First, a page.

Bishops Marianne Budde of the Episcopal Chuch, and Leila Ortiz of the Evangelical Lutheran Church in America, join Bishop LaTrelle Easterling as the first women to serve as episcopal leaders in their judicatories. In this lively conversation, the three share the joys, challenges and lessons of leadership they’ve been experiencing and how each of their distinct identities shape the way they’re living out their call.
If you are longing to enter more fully into the uniquely bold and joyful power of transformation, don’t miss this interview with Father Greg Boyle, founder of Homeboy Industries. During this conversation with Bishop Easterling, he shares his wisdom from 30 years working – heart and soul – in a community in Los Angeles that was the poorest neighborhood in the diocese at the time. Located between two large public housing and amid the territories of numerous gangs, the Delores Mission has faithfully loved her neighbors. In their conversation, Fr. Boyle shares his spiritual strategies, the importance of rolling up our sleeves to work alongside the afflicted in society’s margins, and how churches can better invite people into lives in fullness and abundance.
During the Next Level Speaker Series in October 2022, Bishop Easterling had a conversation on fierce love with the Rev. Jacqui Lewis, who shared stories filled with mother-wit, growth, setting boundaries, making bold choices, and opting to live and love outloud. Together, the pair illuminated what it means to love – God, the world and ourselves – with ferocity and grace.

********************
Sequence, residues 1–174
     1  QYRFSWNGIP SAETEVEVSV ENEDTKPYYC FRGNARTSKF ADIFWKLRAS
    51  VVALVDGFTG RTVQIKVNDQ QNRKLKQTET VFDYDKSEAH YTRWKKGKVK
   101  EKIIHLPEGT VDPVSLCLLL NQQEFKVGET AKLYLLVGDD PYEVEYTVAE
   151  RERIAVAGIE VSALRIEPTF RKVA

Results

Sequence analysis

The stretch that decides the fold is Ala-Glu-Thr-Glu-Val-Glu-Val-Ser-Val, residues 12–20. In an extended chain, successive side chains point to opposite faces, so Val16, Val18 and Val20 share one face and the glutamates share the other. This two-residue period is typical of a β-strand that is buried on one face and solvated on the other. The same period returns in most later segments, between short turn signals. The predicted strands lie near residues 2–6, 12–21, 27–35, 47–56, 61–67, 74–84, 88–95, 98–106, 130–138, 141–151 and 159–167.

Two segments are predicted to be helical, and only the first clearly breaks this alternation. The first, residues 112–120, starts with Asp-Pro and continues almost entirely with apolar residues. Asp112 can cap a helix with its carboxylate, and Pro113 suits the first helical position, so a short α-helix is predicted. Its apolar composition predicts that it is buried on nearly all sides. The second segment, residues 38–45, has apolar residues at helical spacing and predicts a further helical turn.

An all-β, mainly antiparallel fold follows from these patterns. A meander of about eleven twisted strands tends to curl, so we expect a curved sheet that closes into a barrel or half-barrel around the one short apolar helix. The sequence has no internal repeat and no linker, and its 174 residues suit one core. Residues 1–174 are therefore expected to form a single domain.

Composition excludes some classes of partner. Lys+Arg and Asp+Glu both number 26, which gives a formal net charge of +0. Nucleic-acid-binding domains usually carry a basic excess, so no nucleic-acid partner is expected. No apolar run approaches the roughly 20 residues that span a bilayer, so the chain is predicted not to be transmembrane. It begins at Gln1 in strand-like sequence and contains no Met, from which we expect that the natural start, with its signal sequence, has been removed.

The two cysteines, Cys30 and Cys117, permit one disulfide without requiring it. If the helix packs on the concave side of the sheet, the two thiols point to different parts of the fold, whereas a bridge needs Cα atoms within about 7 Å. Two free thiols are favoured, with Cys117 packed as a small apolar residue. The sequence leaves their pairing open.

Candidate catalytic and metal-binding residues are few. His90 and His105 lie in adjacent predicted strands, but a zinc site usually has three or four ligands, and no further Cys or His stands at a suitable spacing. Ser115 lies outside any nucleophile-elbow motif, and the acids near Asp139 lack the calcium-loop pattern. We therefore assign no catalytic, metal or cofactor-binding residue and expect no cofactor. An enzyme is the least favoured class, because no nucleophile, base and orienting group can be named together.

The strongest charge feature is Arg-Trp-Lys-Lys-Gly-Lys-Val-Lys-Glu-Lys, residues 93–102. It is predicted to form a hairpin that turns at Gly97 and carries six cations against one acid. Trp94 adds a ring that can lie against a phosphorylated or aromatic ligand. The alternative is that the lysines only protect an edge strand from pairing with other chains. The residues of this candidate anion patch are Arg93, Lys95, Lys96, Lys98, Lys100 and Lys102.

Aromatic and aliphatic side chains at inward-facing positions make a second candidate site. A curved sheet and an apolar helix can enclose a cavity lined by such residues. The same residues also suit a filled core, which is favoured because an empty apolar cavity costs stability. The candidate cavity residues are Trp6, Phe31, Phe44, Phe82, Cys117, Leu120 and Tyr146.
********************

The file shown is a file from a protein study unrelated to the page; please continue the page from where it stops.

In this lively conversation, be prepared to be challenged and changed as the Rev. Janet Wolf, a public theologian, joins Bishop Easterling in confronting some of our traditional beliefs about church and what it means to live as followers of Christ. Christian charity, Wolf says, may be doing more harm than good. What is needed is to be boldly authentic, proximate, and engaged in profound relationship.
When Bishop Easterling started talking with the Rev. Willie Jennings about some of the deepest things they know, the conversation was so rich that it couldn’t be contained in one episode. Part 1 explored how the church thinks about God, the reasons why people read hierarchies of worth into God’s creation, the potential of us working together and the powerful gifts of understanding what we receive from indigenous cultures when we re-examine our conceptualization of ownership. In this second part of the conversation explore ideas about whiteness, home and belonging, and where the Holy Spirit may be calling the church.
Mark your calendar for September 7th! Season 2 of 'Thursdays at the Table' returns with powerful conversations led by Bishop LaTrelle Easterling and a remarkable guest lineup. From tough talks to inspiring insights, this season will challenge and uplift. Join us to learn, grow, and connect. Exciting times ahead! 🌟🗣️